Archive for Sunday, May 16, 1999


May 16, 1999


Nutsedge (often called nutgrass) is a perennial grasslike weed that can be very hard to control in lawns and gardens. It produces a wide-bladed grasslike leaf. It is important to stress that this plant is a sedge and not a grass despite the similar appearance.

The unique characteristic that distinguishes nutsedge from grasses is that it has three leaves -- making the stem triangular. This is easy to observe just by feeling the stem with your fingers or by cutting the stem off with a knife and looking down on the cut surface: It will obviously be triangular.

Nutsedge is a warm season perennial weed -- growth doesn't start until the soil warms in May. Most plants grow from overwintered tubers germinated near the soil surface. Leaves emerge and a primary basal bulb is formed in the top 3/4 inch of soil. The bulb then grows a fibrous root system and produces rhizomes, secondary basal bulbs and then tubers (nutlets) at the end of the rhizomes. Nutlet formation begins in late June and continues until early fall. One plant can produce hundreds or even thousands of nutlets before the top of the plant dies in late summer or early fall. Each of these nutlets will grow into a new plant but not until they have gone through winter. Some nutlets can survive in the soil for several years until they are finally exposed to the right conditions for growth. Also, small seedheads are formed above the plant from July to September, and the seed also can be a source of seedlings. However, compared to the nutlets, seed is considered an insignificant means of reproduction.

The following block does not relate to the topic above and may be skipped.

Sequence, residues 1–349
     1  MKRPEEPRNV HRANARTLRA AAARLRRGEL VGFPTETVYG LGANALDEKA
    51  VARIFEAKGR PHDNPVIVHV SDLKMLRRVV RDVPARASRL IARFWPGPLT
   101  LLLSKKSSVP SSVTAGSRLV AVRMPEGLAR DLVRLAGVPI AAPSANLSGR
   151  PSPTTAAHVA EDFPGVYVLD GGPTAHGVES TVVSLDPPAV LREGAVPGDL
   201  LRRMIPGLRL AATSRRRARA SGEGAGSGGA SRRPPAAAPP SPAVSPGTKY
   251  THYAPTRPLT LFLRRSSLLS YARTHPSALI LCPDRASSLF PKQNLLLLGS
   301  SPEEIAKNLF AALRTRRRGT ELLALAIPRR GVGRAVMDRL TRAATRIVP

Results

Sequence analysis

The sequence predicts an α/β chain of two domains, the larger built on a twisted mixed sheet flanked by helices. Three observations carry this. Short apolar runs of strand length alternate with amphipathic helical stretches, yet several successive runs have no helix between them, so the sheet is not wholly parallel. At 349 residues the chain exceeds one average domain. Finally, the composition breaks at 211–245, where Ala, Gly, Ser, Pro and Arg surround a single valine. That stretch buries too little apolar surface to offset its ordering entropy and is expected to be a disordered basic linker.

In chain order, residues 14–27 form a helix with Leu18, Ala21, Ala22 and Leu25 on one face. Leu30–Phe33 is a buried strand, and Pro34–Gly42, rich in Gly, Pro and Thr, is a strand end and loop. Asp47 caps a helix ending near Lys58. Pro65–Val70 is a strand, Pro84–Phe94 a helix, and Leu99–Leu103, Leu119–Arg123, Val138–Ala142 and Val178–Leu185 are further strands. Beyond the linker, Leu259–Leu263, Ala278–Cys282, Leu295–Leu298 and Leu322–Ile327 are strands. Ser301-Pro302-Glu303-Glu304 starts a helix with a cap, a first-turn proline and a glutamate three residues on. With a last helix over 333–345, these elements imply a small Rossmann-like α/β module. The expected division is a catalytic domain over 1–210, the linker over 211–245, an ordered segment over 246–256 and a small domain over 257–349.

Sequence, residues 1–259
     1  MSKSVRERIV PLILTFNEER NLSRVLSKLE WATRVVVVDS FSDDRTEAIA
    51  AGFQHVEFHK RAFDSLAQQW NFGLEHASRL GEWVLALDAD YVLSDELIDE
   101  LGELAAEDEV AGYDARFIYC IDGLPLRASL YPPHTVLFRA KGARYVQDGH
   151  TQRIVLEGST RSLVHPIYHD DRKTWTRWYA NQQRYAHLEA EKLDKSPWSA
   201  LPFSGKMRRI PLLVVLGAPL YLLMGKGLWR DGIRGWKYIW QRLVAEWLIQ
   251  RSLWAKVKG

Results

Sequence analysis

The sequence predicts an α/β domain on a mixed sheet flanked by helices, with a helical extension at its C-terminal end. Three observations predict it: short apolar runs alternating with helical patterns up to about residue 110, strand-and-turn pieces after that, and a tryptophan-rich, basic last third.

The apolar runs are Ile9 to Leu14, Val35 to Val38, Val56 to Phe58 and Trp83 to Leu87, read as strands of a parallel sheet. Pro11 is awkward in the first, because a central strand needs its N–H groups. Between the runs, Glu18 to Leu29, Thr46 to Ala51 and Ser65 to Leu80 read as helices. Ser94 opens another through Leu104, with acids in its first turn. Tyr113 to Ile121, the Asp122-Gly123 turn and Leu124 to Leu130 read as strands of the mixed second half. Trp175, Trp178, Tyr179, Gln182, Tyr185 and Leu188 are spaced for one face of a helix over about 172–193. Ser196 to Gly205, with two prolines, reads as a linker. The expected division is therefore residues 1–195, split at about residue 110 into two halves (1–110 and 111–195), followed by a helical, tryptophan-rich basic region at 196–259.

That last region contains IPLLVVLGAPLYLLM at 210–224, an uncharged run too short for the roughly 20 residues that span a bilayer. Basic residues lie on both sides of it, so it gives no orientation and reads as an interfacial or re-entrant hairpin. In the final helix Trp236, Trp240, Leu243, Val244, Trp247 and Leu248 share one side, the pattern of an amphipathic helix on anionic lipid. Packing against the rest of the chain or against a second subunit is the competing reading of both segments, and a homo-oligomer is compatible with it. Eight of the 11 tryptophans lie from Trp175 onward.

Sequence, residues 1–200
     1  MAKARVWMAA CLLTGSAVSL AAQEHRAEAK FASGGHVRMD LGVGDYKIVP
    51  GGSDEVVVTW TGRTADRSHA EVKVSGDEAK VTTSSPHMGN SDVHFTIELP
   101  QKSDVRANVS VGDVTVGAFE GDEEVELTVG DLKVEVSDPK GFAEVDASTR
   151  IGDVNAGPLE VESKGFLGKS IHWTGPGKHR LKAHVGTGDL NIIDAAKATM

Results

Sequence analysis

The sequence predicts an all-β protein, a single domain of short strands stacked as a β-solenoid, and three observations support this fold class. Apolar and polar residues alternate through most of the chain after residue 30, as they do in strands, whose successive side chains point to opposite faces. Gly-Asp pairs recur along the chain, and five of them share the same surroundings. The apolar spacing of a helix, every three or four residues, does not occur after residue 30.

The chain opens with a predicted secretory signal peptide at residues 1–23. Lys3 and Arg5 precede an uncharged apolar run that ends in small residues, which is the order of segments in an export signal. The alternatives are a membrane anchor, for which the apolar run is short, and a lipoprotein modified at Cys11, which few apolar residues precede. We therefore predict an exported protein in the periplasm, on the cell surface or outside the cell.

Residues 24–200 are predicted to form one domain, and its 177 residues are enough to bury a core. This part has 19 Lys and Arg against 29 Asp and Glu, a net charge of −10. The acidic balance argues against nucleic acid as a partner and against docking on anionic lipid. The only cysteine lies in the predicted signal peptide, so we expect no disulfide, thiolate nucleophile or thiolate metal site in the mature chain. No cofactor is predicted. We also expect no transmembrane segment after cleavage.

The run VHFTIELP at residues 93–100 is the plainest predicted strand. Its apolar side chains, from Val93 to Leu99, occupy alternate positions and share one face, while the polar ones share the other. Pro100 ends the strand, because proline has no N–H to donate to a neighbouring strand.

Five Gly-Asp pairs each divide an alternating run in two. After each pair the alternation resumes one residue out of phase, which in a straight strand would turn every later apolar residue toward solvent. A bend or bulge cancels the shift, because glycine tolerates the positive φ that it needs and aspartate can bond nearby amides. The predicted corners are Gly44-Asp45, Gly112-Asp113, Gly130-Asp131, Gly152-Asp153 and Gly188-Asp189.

There are no quick fixes in nutsedge control. Nothing will eliminate it in one easy treatment. Control should be based on a complete program that uses a variety of methods to attack the weed. The most important single ingredient is persistence. Roundup can be used to kill the tops of actively growing nutsedge, but does not kill the nutlets so they remain in the soil for the future. Also, Roundup kills all plants with which it comes in contact. A chemical called Manage is effective for nutsedge control. Apply at the three to 11 leaf stage of plant growth. Manage will kill the nutlet but it may take more than one application to eradicated the problem.

-- The Garden Calendar is sponsored by K-State Research and Extension-Douglas County Office and written this week by Master Gardener Deanne Lenhart. For more information call the Master Gardener Hotline, 843-7058, from 1 p.m. to 4 p.m., Monday through Friday.

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